ROI is stupid

Let me say, I love math and statistics. In the past I’ve actually spent time figuring out how quickly I could get out of debt if, say, I didn’t eat at all for a year, or only ate a little bit, or didn’t ever drive or lived in my car or…. Looking at these kinds of figures, seeing the return of the actions I take, I love that. But when it comes to small business, small nonprofits and people, I think ROI is a massive waste of time.

Before I go too much further let’s define what I’m talking about by ROI for those of you that may not know (and let’s say this is my definition from what I’ve learned since the time that I didn’t know!) ROI stands for return on investment (think cost/benefit analysis). It means measuring and analysing the amount of return (in terms of money, followers, publicity, whatever) for the amount of investment (in time, money, whatever). The idea sounds great. After all, don’t you want to know if what you’re doing is paying off, or if what you’re considering doing is going to be a good use of your time? Of course you do.

But here’s where my problem with ROI starts. You’re NOT an idiot. Really.

Think about your regular life. Don’t you do this examination all the time? You went to a party last night. You dressed up and bought some new clothes. It either went really well and you met some people and had a great time, went OK and you made a few connections or went horribly, you met no one and you poured red wine on that new white sweater. You file that away in your brain as either worth your time or not. You didn’t need to do a bunch of analysis… you knew it inherently. And there’s a couple of other things you know inherently too.

First, you know that asking about the return on your investment at the beginning of a relationship is a big fat no-no. You don’t ask your date, on the night of your first date, where this relationship is going. You might get an idea that this person is NOT for you, but even then we all know people who thought this about the love of their lives when they first met them. Besides, this is just an analogy. We’re really talking about social networking, not dating… spending a bit of time with something you don’t like isn’t quite as painful as spending time with a person you don’t like!

So we know to wait a bit before we jump to conclusions or expect results. We also get the idea that, just like relationships, we get out what we put in. We don’t expect a person to provide everything we’ve ever wanted and needed with no effort on our part. For that matter we don’t expect one person to provide EVERYTHING we’ve ever wanted and needed ever. That’s why we have more than one friend…. And when it comes to a business or nonprofit that’s why we have different tools. Some are good for raising money, some for growing connections (that might later raise money), some are good for spreading publicity (that might later grow connections or raise money). We don’t expect one tool to do everything and while it’s nice to think that one day, way off in the future we’ll find that special service that has everything we need, in the end we really don’t want all of our eggs in one basket do we? What would happen if that service died. It’s good to have at least a few different tools to lean on.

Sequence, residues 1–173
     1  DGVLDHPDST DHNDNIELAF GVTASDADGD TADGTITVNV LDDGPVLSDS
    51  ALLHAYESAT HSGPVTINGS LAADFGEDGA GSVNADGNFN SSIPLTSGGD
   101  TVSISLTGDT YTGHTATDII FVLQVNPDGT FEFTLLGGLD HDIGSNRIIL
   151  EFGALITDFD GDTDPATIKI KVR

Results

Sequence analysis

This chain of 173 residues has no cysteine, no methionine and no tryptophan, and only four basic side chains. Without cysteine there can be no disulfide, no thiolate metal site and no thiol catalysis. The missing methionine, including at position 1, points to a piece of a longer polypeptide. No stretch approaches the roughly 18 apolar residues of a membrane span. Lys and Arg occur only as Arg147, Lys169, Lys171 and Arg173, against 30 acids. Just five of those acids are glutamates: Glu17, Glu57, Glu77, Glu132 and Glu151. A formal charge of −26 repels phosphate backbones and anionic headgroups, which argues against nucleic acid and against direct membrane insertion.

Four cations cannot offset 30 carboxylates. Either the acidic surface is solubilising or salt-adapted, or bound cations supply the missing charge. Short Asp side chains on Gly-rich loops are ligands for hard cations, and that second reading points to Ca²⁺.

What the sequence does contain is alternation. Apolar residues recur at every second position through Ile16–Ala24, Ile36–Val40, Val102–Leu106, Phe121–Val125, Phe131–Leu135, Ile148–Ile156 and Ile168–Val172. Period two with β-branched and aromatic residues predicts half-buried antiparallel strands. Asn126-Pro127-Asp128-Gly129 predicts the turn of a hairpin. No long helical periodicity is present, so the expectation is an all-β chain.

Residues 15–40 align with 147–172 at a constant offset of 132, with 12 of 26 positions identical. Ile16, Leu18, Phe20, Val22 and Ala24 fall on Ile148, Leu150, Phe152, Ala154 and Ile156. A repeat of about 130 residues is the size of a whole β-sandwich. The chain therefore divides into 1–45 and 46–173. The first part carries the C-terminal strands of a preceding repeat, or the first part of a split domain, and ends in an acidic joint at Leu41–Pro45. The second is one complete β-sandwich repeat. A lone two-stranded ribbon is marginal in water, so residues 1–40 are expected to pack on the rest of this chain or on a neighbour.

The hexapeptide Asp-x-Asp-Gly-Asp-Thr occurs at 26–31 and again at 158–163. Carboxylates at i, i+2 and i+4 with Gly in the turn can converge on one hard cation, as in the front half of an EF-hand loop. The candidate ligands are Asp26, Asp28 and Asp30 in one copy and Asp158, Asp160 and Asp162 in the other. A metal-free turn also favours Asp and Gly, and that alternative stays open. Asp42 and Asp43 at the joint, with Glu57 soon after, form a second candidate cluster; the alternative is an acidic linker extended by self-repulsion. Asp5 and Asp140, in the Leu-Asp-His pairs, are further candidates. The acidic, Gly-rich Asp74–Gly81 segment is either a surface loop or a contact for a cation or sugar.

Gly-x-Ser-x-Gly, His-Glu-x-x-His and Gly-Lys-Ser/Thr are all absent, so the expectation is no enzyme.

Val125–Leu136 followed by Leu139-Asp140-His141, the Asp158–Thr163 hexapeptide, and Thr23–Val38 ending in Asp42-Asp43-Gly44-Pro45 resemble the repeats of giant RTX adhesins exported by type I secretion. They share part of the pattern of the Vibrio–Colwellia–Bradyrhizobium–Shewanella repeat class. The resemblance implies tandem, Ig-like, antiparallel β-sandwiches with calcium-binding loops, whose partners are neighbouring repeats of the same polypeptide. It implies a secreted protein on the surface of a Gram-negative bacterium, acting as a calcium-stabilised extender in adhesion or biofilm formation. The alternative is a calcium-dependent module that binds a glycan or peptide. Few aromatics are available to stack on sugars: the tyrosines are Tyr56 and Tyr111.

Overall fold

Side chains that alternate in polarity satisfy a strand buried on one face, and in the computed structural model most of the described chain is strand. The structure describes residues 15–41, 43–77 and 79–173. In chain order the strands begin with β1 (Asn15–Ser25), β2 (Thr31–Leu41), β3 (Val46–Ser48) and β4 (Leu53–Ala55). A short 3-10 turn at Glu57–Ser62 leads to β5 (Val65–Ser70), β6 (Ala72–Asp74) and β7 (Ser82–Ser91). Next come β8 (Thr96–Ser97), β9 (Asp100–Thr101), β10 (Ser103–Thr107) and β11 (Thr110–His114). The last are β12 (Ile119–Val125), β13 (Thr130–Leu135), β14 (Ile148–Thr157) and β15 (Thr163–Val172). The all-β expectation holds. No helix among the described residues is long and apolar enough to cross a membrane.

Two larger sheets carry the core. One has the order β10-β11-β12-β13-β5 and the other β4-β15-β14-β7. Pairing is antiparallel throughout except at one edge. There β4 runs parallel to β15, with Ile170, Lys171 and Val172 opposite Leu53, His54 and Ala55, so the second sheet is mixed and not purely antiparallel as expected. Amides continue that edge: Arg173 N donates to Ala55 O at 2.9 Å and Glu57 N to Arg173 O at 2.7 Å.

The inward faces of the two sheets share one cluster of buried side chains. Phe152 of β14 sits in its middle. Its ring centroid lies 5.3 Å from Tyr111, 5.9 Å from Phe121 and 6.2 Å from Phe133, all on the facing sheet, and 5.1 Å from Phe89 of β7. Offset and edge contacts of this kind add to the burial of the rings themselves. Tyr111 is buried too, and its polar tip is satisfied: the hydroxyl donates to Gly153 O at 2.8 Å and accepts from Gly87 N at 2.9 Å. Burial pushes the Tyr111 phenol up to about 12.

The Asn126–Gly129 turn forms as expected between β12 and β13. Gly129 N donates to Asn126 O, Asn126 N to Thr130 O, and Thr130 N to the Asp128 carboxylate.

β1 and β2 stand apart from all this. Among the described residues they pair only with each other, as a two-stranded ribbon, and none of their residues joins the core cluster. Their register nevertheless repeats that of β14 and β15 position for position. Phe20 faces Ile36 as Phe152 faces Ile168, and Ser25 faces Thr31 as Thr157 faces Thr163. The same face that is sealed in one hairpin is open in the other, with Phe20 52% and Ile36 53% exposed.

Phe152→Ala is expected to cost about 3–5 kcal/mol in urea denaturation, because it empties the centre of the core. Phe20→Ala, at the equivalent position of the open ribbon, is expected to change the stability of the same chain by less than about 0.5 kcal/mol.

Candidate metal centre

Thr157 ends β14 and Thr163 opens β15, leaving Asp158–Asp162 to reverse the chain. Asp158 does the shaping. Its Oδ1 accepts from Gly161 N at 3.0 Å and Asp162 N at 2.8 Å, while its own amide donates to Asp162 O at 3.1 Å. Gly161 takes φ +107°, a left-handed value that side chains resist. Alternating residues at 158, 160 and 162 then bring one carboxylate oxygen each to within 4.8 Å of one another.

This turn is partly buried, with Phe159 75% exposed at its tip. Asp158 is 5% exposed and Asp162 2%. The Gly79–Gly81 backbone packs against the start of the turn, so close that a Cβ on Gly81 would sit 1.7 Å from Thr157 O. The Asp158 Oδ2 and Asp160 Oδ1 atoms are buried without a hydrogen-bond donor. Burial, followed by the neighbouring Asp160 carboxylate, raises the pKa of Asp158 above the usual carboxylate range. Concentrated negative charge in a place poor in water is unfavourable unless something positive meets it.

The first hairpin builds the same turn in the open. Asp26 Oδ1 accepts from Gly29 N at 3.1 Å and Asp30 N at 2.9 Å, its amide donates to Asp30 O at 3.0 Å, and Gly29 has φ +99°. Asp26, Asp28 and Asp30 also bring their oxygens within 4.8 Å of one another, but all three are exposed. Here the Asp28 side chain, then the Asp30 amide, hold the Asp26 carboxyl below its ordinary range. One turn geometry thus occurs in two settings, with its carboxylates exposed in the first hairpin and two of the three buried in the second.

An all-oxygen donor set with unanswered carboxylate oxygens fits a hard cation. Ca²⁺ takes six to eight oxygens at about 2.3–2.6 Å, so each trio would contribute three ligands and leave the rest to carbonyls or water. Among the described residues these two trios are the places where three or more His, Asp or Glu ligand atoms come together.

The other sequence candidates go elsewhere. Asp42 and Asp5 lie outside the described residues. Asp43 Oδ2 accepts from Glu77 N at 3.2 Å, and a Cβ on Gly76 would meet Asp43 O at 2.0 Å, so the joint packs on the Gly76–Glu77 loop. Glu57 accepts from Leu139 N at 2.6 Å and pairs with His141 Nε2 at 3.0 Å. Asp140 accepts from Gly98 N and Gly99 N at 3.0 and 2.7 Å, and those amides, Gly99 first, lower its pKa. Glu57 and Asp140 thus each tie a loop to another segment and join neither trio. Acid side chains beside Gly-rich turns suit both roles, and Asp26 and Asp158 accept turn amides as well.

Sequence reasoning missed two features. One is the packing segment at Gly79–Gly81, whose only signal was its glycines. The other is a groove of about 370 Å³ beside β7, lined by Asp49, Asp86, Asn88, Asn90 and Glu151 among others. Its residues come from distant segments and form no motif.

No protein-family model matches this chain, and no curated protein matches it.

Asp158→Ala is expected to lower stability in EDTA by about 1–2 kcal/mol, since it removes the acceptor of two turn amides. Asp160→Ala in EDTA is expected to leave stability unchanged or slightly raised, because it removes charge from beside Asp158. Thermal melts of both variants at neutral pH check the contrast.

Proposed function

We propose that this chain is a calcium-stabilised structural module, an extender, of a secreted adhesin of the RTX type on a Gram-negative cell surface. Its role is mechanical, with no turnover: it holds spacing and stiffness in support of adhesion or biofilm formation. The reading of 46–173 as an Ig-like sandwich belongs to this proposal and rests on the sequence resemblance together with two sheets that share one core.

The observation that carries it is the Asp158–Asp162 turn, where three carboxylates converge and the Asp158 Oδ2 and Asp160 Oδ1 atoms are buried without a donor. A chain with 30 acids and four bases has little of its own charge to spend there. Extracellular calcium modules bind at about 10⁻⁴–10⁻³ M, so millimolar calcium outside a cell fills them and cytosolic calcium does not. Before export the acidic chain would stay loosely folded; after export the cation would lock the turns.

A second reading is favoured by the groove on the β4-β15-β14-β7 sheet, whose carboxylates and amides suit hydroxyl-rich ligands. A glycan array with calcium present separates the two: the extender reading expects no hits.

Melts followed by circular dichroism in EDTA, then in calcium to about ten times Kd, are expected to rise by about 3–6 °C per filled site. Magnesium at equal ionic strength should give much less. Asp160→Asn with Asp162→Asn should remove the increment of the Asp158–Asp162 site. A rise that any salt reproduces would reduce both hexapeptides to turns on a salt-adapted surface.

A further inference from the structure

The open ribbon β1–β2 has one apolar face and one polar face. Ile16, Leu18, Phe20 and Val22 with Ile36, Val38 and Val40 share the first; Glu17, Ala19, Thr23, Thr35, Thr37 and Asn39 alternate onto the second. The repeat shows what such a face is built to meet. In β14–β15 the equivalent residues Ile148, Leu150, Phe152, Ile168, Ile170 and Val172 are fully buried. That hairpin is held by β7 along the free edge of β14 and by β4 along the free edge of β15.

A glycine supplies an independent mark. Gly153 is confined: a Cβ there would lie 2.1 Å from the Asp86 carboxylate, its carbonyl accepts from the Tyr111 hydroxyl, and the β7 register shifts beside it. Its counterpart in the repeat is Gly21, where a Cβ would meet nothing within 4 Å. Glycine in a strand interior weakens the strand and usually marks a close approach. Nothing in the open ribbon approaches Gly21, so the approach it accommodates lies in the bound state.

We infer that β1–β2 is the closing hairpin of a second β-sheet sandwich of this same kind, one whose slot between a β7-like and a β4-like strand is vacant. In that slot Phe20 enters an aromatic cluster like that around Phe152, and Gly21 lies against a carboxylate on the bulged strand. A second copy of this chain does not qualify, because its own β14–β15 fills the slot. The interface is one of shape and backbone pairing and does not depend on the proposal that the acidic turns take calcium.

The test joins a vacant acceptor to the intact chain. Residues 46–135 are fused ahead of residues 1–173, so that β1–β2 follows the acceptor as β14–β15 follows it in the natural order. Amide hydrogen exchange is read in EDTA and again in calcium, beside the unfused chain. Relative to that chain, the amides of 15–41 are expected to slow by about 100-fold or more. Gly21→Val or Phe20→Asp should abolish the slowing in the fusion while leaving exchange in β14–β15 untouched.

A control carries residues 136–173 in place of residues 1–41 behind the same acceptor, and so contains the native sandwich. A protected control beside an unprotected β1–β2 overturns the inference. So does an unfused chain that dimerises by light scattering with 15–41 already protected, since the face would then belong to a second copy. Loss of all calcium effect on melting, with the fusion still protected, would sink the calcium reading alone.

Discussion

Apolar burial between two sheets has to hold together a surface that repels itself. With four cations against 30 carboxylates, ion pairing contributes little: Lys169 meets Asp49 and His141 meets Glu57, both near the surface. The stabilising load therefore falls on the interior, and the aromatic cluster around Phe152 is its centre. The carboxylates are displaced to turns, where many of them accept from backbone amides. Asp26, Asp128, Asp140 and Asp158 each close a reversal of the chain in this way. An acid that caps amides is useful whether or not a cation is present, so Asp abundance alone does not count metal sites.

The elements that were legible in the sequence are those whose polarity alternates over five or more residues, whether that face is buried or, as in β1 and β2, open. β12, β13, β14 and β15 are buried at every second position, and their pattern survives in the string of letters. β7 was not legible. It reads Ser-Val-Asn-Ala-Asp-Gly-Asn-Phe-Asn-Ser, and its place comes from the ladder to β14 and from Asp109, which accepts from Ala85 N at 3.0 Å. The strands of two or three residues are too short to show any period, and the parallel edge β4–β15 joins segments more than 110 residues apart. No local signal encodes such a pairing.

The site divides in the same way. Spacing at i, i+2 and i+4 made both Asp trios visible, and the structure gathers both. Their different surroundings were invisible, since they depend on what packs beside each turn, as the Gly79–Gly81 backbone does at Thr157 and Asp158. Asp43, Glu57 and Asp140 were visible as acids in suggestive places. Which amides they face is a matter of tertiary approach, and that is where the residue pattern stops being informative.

And this is why I hate that horrible, “but what’s the ROI on this” discussion that happens every time some new idea is presented. It doesn’t take into account our own innate intelligence. And it tries to turn everything into numbers.

Here’s an idea… how much time did you spend trying to determine the ROI on something? How much more useful would it be if, instead of analyzing the return on something you haven’t even started, you spent that time actually DOING it? If you spend a huge amount of time in analysis before action won’t you often kill any enthusiasm you might have had for the idea by beating it to death with math and analysis (and endless talking!)? How well will that idea go over if there’s no energy left in you to be excited about a project? How well will that relationship go if, from the very second you met the person, you’re only thinking about where it’s going? What if that person doesn’t wind up being the love of your life, but in an unexpected turn through them you find a job you really love? Is that a waste? If you have such specific goals for your ROI you’ll miss all the kismet opportunities that come about unexpectedly.

So here’s my idea instead. Be smart. Plug in to a tool, whatever it is and spend some time there. Get a feel for it and take a personal note of your sense of ROI for you. Do you feel like you’re spending too much time on something? Hmm… are there ways to spend less time? Can you ask other people how they get a task done quicker? Can you learn something about it to make it faster? Then, after spending some time there, ask yourself if you think you’re gaining something from it. If not are other people in love with the idea? What are they doing differently? Can you get some feedback of ways you might change what you’re doing so you’re getting better returns? And finally, if this tool just doesn’t fit with who you are and what you love, is it time to break up?

Trust yourself. You already know the answers.

These thoughts were brought out by the recent Idealware report on “Using Social Media to Meet Nonprofit Goals: The Results of a Survey”. Not because they were really using too much math, but because they were asking nonprofits how they felt about a tool. Not very good “science” probably but likely just as valid. To summarize, it’s the same thing we all know… Facebook good, Twitter better. Here’s the link.

So, what do you think about ROI?

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About Jessica Dally

A random blog about travel, personal transformation, riding motorcycles solo, social media and whatever else seems interesting at the moment. View all posts by Jessica Dally

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